Process is the first place where you start choosing. And, for this reason, it is very daunting and very limiting. It is daunting because many people don’t know where to begin. This is not unique to investing. Most people don’t know where to begin a screenplay – that’s why a producer paid someone else to write it – and I never know how I’m going to begin an article till I do. It always seems very daunting until you start typing.
It would be hard for me to set down rules on how to start an article, or start researching a stock, or start doing anything else I do frequently. It’s not something I think about. It’s possible – by stepping outside yourself – to monitor what you do. And then you can break down the steps.
I’ve tried to do this from time to time when I think about how I research a stock. I’ve noticed a few things. And – as I’ve noticed them – they’ve become more explicit in my mind.
Like everybody, I tend to stereotype stocks. This is a problem. It can be very, very helpful. It’s an incredibly powerful tool. The ultimate shortcut. I’ve mentioned metaphors before. The idea of using a stock you know as an analog for one aspect of a stock you don’t. You think about different points of the stock you don’t know and try to glimpse them through common points shared with other stocks. Sometimes, you know three or four stocks that – while different in most aspects – share one aspect with the stock you’re looking at. From there, you can think about how these aspects interrelate.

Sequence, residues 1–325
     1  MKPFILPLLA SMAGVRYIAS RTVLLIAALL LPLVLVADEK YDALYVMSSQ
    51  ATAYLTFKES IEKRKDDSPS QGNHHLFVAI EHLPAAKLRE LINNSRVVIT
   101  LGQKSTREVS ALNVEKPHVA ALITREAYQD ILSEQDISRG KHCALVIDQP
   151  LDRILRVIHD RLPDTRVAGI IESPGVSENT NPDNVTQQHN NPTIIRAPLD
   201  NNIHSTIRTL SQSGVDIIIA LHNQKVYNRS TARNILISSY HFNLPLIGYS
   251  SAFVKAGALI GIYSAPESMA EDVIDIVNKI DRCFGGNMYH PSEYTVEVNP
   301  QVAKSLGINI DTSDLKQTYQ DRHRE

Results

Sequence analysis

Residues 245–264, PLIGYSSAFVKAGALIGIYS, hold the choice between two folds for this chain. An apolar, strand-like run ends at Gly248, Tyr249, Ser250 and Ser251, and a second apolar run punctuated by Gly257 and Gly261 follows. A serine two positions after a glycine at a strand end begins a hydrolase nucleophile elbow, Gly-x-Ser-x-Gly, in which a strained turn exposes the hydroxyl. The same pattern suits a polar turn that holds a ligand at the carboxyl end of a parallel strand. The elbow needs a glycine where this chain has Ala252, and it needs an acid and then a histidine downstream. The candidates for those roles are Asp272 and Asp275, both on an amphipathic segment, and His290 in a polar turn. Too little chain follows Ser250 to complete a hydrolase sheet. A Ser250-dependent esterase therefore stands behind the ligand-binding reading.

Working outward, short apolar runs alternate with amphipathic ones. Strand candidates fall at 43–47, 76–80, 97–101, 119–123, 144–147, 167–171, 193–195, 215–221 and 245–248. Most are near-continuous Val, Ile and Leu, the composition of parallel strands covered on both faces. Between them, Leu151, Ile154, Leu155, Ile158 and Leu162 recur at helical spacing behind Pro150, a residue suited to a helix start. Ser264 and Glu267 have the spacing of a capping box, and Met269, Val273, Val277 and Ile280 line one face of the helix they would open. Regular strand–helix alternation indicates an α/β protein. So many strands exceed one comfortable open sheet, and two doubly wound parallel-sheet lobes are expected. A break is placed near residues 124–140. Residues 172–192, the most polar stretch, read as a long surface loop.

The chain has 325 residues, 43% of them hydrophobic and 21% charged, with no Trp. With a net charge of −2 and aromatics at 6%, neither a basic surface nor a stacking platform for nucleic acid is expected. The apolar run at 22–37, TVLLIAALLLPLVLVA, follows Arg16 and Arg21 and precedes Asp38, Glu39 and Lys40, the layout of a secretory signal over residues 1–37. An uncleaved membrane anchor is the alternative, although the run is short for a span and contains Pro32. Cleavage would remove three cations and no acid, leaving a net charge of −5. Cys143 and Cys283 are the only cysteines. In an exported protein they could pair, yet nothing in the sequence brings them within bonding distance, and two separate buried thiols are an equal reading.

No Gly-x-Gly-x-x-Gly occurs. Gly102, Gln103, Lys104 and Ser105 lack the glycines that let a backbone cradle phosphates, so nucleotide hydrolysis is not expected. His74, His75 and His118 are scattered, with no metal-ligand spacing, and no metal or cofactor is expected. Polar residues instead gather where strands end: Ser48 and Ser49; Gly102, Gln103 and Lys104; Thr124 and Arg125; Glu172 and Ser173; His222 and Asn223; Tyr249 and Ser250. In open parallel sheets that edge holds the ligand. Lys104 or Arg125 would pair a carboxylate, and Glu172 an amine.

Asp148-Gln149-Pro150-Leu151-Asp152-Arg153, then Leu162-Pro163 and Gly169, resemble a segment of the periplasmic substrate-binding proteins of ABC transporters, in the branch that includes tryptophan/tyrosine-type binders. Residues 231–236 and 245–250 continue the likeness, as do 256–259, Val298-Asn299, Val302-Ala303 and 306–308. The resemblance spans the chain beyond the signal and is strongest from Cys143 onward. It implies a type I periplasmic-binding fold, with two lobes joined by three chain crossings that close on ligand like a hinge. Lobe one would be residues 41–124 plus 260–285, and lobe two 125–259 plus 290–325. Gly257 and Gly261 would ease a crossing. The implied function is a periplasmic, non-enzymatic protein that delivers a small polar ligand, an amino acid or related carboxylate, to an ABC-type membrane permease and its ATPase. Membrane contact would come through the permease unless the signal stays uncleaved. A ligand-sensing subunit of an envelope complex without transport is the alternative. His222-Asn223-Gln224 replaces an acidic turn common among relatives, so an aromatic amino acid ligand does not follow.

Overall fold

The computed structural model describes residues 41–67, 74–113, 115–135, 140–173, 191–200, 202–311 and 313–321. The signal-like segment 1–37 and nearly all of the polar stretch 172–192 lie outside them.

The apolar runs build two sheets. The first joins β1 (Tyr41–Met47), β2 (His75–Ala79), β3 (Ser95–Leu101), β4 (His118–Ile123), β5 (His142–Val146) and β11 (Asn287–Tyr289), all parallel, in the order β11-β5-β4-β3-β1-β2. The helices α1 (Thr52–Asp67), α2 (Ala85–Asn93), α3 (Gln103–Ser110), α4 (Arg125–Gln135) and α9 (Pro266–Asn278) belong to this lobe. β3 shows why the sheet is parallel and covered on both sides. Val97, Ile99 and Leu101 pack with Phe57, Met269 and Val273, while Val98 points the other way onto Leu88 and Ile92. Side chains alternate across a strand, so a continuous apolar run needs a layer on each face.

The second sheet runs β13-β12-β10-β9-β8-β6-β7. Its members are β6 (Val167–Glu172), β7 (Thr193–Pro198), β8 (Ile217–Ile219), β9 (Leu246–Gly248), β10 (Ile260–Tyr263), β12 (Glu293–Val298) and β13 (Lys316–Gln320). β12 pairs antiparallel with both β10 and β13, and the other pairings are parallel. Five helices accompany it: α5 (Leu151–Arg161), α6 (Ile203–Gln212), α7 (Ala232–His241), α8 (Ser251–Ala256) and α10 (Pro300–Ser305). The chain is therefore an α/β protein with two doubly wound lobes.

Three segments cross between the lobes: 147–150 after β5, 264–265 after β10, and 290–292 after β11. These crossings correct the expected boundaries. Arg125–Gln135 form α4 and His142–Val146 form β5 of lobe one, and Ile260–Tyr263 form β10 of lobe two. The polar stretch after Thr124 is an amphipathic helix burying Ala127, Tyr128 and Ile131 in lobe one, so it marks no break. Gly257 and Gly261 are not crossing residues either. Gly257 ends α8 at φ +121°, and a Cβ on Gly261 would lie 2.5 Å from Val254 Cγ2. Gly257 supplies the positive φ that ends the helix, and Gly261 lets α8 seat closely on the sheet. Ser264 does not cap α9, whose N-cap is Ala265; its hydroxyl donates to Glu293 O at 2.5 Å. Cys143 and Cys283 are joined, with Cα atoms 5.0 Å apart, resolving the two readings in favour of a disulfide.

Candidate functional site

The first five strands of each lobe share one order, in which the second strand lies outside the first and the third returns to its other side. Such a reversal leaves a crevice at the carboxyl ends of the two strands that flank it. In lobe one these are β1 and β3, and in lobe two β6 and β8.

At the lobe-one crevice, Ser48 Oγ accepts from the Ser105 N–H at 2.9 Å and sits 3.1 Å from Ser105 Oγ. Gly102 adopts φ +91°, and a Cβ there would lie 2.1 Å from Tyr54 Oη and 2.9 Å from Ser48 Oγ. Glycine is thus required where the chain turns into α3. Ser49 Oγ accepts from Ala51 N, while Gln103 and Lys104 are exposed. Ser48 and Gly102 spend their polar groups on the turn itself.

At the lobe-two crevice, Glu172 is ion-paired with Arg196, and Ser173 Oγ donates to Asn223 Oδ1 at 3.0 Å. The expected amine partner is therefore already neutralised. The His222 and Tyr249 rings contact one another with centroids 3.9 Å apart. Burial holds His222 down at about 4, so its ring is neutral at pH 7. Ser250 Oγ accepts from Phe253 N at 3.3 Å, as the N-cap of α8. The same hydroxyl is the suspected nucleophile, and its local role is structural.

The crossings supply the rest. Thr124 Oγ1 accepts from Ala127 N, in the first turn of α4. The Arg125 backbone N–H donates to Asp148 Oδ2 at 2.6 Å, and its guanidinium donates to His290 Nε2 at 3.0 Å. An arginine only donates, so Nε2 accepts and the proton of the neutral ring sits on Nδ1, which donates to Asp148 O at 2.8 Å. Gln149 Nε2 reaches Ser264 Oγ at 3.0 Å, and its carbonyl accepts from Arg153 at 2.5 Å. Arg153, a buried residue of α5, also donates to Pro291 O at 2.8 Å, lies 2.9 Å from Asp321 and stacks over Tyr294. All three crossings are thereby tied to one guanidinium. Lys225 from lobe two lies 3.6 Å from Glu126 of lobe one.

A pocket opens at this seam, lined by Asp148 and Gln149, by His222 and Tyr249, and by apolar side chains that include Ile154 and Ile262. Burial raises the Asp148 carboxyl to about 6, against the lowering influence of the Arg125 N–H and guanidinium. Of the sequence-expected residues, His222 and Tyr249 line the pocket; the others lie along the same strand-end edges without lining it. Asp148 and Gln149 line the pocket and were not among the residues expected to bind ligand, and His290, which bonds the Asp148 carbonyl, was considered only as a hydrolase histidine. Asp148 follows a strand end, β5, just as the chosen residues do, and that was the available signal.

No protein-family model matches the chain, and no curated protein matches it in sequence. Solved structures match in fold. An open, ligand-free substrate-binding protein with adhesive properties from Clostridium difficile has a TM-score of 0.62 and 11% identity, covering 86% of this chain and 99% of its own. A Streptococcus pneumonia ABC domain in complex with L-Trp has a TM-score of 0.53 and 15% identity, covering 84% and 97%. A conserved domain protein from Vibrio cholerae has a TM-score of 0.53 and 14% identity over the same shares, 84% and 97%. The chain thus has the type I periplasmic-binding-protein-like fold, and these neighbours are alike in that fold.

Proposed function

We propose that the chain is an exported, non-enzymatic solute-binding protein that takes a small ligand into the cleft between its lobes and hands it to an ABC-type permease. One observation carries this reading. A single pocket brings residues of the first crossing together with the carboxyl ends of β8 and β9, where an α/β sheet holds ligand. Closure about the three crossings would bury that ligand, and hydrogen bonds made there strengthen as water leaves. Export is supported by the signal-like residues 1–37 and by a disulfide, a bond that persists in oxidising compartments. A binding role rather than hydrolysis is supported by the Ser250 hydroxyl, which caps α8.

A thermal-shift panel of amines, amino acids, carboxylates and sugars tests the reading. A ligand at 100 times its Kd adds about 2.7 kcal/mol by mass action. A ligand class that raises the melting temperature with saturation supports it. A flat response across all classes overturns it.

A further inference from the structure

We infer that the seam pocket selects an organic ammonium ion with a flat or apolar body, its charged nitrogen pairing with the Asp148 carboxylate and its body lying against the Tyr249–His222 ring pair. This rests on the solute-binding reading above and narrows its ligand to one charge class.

The quickest way to do this is immediately peg your new stock as just another example of an old stock. I look at Royal Caribbean (RCL) and go, “Oh, that’s just another Carnival (CCL).” As we stretch this further – “oh, that’s just another net-net. That’s just another dot com,” etc., we see the danger of these stereotypes.
I remember Nate at Oddball Stocks writing in some post – I don’t remember which – that there are some folks who say “I only want to buy high quality net-nets” and that doesn’t make sense because net-nets have something wrong with them. The first part of that argument – that it makes no sense to try to subsist on a diet of high quality net-nets alone – makes perfect sense. You can’t. It would be like trying to eat only the blossom of some flower that bloomed once a year.
But the second part – that there are no high quality net-nets – is so close to being true that it becomes a very dangerous idea. Obviously dumb ideas are not dangerous. Stereotypes that are mostly true are the most dangerous. In times of great stress – you can see this in backtests – a couple high-quality stocks do pop up on net-net screens. This can also be shown by looking backwards at the performance of either stock price or compounding book value (and ROE) of some microcaps. There are a few stocks that show they’ve compounded their share price at about 10% a year over the last 15 or 20 years.
That’s a high quality company. Especially because that record is better than American stocks generally. It’s also worth mentioning that if you are looking at something like net-nets – which presumably have low prices at their end point, today – their compound rates of returns should be severely hurt by this fact. A stock trading at twice the price-to-book, price-to-earnings, etc. will show a much better record simply because it has a much higher end point on the day you choose to screen.
The vast majority of net-nets – I don’t know if it’s 90% or 95% or 99.7%, but it’s not 65% – are low quality. This makes the stereotype mostly true. And therefore very dangerous.